“Ask of me,” God says, “and I will give you the nations for your inheritance.” (Psalms 2:8) When Daniel prayed in Babylon for the dispersed people of Israel, his prayer impacted angelic principalities which ruled in the heavenly realms over the world empires of Greece and Persia. That means focused and intentional prayer can shift the atmosphere in nations and regions.

One example of this is what happened in Germany during the late 1980s. After World War II, Germany was severely judged and experienced a national division into two parts. East Germany was controlled and suppressed by the Soviet Union (with the East German region eventually overseen by a KGB officer named Vladimir Putin). The other side was part of the free Western world led by the United States of America. The fault-line of the Cold War, between East and West, ran right through Germany and especially through the city of Berlin. Germans spied on each other and were even trained to fight each other in case of war.

Even still in mid-1989, the reunification of Germany looked impossible. Some of the prophetic voices who foresaw a unification like the British Bible teacher David Pawson and Loren Cunningham of YWAM were laughed at by pastors in Germany. What separated Germany was not just a national rift, but global political blocks that were willing to defend and fight for their piece of Germany. As a child, I well remember the US military maneuvers close to my home town near Stuttgart.

When I was in Germany last summer, it was 30 years after reunification, so I talked to pastors and leaders from east and west and was greatly encouraged by what I heard. Already in the late 1970s, prayer groups emerged in particular in Eastern communist Germany who prayed for the healing of our land. In the year before reunification, various individuals and prayer groups, led by God and unbeknownst to the others, went to the wall and prayed that it might fall. On both sides people held Communion at the Berlin Wall, not knowing others were doing the same.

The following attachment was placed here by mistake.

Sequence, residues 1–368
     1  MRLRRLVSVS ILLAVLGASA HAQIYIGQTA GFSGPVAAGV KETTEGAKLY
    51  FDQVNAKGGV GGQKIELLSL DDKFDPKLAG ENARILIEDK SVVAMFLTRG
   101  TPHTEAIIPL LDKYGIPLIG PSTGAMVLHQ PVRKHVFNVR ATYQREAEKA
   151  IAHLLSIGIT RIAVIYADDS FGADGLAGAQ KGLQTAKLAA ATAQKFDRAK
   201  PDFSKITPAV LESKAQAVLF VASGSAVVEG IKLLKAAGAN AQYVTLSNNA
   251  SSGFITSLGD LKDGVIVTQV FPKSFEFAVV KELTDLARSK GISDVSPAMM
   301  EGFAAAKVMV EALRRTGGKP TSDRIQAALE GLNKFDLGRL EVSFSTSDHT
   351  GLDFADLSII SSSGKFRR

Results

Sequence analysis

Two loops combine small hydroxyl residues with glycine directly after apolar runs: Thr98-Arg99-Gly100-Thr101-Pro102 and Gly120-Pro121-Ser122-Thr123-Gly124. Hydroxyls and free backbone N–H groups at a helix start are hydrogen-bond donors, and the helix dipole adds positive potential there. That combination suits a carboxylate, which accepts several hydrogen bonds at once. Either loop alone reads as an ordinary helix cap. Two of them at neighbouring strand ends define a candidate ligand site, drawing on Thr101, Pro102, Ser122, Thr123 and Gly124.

The demonstrations that led to the fall of the Berlin Wall actually started out of the Monday prayer meetings of the Nikolai church in Dresden, a weekly prayer gathering that started already in 1986. And God answered these prayers!

What really happened on the night of 9 November 1989, no one knows until today. But everyone agrees it was a miracle when an East German high-ranking official declared the border to be open.

I am writing this today as the nations of the world need healing. There is a wall going through the United States – and I am not talking about the wall that secures the southern border of the USA. But it is a wall that separates and polarizes the nation and can endanger not only the fabric of America but the global leadership of the USA as a “nation under God.” America needs our prayers more than ever before. In particular, we Christians in the Western world owe this to the USA more than any others as they stood with us for decades.

God also can heal and reunite Korea as he healed and reunited Germany. North Korea was once known as the “Jerusalem of Asia” as a revival greatly touched that nation. What looks today impossible is possible with God.

The key, however, lays not with politicians but with the people of God. Note that it does not say “If the President” or “if the government” or “if the parliament”, but God says “If my people who are called by My name humble themselves and pray …. I will heal their land.”

The key to the healing of our nations lays in the hands of ordinary people like you and me who will stand at these walls of division and call for them to fall in the name of Jesus!

Please join us in prayer for the USA, for Korea and for Israel. Maybe your own nation needs a touch of God. God is the healer of nations. “The effective, fervent prayer of a righteous man avails much,” says James 5:16. Our prayers can break the demonic powers of division, liberalism and racism, because Jesus is the Lord of Lords and King of Kings. Nothing is impossible for him when his people pray. Let us join hands and do this together!

God bless you from Jerusalem as we change the world together!